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Akono Exposes Intrinsic High Students to the Mechanical Properties of Materials

March 8, 2016

“How are we going to fuel our civilization in the next decades, especially knowing that we’re kind of running out of fossil reserves? It really boils down to having a fundamental understanding of the mechanical properties of materials.”  – Ange-Therese Akono


Ange-Therese Akono, Assistant Professor in Civil and Environmental Engineering

Ange-Therese Akono, an Assistant Professor in Civil and Environmental Engineering, is passionate about building innovative, strong, durable buildings. That’s why her research involves understanding the mechanical properties of materials used to construct them. Akono is also passionate about passing on her enthusiasm for materials to the next generation, particularly underserved students. So on January 18, 2016, Akono and eight of her graduate and undergraduate students hosted a Structural Mechanics Workshop for 28 juniors and seniors from Chicago’s Intrinsic High School.

Akono and company hoped to expose these inner city students to STEM activities they might not have previously gotten to experience:

“For now we’re kind of casting a broad net for students. We want them to come to a research one university and then get to understand what it is to do scientific research and to visit the laboratory and get to do hands-on experiments.”

The workshop involved having each student experience the concept of strength of materials on a wide range of materials commonly used in construction, then carry out experiments and analyze the results. The goal was for students to “develop scientific curiosities, scientific intuitions, and develop also kind of a taste for experimentation,” says Akono.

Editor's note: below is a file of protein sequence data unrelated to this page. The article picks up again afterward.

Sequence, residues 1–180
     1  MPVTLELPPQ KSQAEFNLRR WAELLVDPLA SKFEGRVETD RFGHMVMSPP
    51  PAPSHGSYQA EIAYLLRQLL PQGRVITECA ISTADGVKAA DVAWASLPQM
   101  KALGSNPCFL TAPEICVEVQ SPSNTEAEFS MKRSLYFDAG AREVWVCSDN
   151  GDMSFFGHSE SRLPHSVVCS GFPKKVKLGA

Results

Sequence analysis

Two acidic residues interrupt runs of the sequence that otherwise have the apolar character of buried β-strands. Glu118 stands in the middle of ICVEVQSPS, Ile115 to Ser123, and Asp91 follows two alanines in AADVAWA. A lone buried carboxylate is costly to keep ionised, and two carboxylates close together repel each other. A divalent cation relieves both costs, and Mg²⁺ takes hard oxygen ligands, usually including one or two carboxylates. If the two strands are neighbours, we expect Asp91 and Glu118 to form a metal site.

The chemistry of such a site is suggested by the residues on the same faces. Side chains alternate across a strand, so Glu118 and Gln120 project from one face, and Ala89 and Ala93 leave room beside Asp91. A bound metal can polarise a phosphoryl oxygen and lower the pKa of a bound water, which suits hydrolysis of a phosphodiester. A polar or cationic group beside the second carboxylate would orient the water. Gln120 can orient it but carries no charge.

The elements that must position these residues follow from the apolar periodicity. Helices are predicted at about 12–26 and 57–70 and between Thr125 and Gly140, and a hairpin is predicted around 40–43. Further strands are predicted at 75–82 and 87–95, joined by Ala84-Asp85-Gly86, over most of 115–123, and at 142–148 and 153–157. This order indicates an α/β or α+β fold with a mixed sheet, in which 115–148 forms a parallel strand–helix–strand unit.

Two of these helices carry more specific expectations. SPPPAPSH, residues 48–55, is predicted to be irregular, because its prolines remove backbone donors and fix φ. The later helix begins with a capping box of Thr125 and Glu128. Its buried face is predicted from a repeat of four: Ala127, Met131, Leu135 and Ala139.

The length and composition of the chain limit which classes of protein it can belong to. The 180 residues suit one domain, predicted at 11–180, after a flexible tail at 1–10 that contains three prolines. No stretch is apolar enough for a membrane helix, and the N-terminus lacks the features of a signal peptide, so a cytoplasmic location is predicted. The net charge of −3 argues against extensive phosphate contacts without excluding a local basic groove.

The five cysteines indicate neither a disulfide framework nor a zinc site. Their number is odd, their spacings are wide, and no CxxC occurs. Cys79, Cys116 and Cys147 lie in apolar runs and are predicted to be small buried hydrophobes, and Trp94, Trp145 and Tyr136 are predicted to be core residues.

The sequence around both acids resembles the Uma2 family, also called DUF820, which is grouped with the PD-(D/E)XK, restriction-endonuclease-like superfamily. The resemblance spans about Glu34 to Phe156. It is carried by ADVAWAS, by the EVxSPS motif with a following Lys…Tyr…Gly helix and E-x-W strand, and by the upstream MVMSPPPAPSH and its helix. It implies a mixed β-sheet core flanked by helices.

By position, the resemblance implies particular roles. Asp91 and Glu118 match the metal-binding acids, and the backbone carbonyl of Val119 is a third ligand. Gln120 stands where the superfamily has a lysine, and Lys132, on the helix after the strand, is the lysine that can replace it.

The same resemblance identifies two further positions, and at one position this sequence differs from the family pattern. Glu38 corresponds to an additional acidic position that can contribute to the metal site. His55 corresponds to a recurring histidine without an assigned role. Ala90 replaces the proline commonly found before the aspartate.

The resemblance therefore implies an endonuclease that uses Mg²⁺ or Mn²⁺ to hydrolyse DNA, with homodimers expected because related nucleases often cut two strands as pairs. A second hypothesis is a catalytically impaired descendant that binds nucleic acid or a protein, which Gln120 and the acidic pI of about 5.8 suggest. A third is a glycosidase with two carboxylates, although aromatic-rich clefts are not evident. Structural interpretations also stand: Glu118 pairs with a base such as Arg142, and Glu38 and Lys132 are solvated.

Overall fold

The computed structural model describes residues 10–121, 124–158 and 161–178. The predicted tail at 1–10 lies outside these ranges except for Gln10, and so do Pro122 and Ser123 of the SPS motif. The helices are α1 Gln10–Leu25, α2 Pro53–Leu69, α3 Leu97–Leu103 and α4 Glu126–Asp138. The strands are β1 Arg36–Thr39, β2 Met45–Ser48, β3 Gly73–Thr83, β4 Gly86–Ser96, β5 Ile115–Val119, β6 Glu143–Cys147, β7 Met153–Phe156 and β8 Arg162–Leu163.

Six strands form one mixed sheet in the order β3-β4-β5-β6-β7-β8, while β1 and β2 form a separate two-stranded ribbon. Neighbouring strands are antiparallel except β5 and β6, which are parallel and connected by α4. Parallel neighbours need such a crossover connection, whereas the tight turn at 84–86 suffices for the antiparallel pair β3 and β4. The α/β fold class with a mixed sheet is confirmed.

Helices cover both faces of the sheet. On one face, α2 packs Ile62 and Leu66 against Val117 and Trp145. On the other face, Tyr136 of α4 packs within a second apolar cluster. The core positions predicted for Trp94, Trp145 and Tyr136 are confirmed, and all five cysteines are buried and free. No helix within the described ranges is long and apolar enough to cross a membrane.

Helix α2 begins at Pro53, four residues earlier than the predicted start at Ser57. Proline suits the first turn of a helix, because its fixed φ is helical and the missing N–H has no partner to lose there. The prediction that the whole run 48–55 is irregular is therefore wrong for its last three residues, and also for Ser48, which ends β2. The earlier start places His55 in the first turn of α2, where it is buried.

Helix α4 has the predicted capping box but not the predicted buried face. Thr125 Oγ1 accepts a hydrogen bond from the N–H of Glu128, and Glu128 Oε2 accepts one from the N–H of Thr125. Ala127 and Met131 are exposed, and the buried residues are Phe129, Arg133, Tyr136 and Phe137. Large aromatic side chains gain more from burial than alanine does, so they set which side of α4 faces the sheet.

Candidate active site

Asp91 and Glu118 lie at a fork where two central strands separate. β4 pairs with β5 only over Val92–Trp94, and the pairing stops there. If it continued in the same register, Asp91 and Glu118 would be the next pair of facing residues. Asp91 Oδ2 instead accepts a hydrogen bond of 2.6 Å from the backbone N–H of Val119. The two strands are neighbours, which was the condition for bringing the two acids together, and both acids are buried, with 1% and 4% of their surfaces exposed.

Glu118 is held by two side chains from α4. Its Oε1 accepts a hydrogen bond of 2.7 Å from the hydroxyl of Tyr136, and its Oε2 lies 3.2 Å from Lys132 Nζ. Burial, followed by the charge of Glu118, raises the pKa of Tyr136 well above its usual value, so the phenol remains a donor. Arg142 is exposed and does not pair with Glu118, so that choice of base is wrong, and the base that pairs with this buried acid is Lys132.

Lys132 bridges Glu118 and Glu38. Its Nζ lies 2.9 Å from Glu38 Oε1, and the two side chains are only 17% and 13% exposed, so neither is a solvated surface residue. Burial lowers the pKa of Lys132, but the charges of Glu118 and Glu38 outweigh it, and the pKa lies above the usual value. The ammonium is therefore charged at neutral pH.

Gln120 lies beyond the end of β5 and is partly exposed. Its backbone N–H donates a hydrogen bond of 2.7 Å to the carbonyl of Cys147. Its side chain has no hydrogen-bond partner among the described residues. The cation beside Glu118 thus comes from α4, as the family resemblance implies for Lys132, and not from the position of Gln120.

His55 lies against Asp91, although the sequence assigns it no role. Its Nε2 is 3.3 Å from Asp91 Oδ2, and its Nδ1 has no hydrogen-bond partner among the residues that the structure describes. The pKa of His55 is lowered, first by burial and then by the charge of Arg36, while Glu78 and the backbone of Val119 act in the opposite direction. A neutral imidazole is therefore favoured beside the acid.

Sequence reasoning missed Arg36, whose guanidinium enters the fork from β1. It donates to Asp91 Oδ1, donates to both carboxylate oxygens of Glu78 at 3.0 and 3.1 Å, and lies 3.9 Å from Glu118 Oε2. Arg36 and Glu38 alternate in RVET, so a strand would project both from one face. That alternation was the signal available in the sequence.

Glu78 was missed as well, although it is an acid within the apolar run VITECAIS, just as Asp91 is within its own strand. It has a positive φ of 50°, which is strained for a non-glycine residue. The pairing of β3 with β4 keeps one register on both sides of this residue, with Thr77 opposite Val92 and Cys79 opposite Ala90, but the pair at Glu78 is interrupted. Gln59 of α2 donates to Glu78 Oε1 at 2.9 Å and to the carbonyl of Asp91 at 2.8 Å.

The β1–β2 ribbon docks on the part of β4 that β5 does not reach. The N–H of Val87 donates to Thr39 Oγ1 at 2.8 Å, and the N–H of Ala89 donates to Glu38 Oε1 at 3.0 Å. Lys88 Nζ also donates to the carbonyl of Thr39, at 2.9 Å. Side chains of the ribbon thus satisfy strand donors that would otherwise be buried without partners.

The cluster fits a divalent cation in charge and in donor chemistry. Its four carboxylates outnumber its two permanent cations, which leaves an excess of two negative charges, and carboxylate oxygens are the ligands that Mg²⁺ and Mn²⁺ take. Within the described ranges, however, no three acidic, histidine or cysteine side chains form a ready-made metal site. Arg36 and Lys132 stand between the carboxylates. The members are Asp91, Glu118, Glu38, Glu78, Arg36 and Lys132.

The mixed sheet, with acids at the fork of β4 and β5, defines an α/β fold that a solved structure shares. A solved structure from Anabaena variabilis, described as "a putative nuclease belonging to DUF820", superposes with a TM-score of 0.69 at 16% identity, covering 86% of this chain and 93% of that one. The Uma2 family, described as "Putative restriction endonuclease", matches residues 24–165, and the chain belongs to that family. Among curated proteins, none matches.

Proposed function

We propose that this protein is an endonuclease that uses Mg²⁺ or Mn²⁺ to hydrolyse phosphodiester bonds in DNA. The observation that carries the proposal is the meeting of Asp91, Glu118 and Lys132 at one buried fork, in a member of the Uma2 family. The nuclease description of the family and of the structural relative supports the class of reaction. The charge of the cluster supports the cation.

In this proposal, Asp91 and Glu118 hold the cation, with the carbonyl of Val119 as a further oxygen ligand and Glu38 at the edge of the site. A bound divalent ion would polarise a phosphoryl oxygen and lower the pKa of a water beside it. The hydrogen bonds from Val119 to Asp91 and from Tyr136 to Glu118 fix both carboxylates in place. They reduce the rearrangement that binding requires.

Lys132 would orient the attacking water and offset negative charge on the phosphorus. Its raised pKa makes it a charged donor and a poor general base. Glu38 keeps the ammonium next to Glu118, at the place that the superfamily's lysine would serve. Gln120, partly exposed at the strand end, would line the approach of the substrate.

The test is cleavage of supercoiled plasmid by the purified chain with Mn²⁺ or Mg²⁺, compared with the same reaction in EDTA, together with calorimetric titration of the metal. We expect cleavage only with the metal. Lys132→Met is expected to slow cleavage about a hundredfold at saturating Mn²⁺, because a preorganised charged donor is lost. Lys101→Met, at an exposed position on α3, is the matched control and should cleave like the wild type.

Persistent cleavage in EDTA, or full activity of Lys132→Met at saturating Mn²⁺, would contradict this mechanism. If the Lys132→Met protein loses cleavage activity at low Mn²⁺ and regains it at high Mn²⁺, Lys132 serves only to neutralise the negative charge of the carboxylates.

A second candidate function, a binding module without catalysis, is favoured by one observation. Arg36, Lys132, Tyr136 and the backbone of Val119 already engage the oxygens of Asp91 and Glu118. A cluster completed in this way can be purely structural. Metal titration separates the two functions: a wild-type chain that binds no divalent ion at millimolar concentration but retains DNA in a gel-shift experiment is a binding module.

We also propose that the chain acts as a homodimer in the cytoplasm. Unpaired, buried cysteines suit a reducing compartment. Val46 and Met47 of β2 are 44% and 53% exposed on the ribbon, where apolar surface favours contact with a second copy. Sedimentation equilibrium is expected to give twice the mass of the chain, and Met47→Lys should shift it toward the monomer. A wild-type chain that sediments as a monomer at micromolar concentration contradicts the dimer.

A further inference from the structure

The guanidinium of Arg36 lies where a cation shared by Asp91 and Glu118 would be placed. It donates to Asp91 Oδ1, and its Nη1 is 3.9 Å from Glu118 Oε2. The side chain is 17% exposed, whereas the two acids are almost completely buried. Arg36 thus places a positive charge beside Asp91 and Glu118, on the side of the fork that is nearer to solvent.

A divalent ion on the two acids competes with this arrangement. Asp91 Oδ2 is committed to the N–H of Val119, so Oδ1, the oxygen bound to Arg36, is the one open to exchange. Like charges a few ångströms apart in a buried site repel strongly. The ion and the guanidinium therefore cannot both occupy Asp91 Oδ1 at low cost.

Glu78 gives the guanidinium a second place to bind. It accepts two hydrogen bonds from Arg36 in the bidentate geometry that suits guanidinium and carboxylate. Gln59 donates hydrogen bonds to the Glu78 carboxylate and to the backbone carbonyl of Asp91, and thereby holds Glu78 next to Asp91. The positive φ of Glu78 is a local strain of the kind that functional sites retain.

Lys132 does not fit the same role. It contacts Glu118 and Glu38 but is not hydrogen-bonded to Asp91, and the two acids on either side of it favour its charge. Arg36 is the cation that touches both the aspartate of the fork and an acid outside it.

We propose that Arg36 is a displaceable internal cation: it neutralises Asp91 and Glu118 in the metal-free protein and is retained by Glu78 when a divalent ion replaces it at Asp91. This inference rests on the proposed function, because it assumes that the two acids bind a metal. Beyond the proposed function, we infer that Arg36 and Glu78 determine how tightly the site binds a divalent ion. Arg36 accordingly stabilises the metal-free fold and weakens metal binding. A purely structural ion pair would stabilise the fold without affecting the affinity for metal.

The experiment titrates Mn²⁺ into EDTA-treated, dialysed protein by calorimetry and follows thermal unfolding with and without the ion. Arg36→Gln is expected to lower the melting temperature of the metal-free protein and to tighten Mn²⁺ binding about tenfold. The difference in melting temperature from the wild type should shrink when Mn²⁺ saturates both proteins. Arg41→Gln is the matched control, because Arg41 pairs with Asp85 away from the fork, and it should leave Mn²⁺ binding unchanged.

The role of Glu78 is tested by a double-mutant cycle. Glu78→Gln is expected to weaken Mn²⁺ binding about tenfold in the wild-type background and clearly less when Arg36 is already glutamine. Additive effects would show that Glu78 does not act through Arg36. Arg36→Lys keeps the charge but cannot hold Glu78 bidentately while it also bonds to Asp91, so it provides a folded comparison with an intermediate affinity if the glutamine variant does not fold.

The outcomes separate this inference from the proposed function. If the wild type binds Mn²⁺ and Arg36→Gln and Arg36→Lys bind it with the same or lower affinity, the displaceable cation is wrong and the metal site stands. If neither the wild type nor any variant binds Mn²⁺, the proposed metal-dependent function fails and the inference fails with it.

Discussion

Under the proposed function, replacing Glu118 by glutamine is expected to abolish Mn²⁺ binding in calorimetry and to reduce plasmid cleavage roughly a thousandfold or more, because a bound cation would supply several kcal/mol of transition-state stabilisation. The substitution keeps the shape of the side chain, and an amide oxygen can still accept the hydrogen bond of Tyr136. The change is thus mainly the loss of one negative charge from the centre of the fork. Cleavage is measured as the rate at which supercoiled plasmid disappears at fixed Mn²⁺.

One of Akono's grad students (left) explains about the properties of a material used in construction to Intrinsic High students.

To make the activities even more fun and exciting for the students, Akono admits that there was evidently a little bit of demolition involved. “For this we’re just going to be breaking a lot of materials in the lab which is really fun, and I’m really excited about that.”

Besides exposing the Chicago youth to research being done in Akono’s Sustainability & Nanomechanics Lab, the day’s activities also involved brief presentations by Becky Stillwell, Civil Engineering’s Undergraduate Program Coordinator, and Engineering Associate Dean Liang Liu, to inform students about Illinois and answer any questions about the application process.

The workshop was a follow-up event to a webinar, during which Akono met remotely with the students as part of a class. During the 30-minute activity, she introduced the concepts of strength and durability of construction materials, demonstrated some experiments, then answered students’ questions. Based on the interest generated during the video time, the January workshop was then set up.

Akono acknowledges that she and her students hoped to pique the Intrinisic students’ interest in science and engineering: “We really want to spark this curiosity; we want to spark this interest, this scientific intuition. They are not necessarily expressing interest in science and technology and engineering. Our hope is to really kind of create even more interest about science and engineering.”


A Civil Engineering grad student (third from the left) shows the high school students how to work with a material they're testing.

Akono reached out to Intrinsic High, which is a new school (it's only been around for a couple of years) because it has a large population of Hispanic students. Akono and company ultimately want to empower students commonly underrepresented in STEM, to help them realize that they too can do it.

“I just want the kids to feel empowered," she admits. "I went to college, and then I went to grad school, and I feel that my education has empowered me so much, and I want every student to feel that—especially when it comes to minorities and underrepresented groups. I feel like the major obstacle most of the time is that they just don’t identify with the science, technology, and mathematics. They have this idea that, ‘This is a very super-complicated concept related to really, really smart people and not me!’”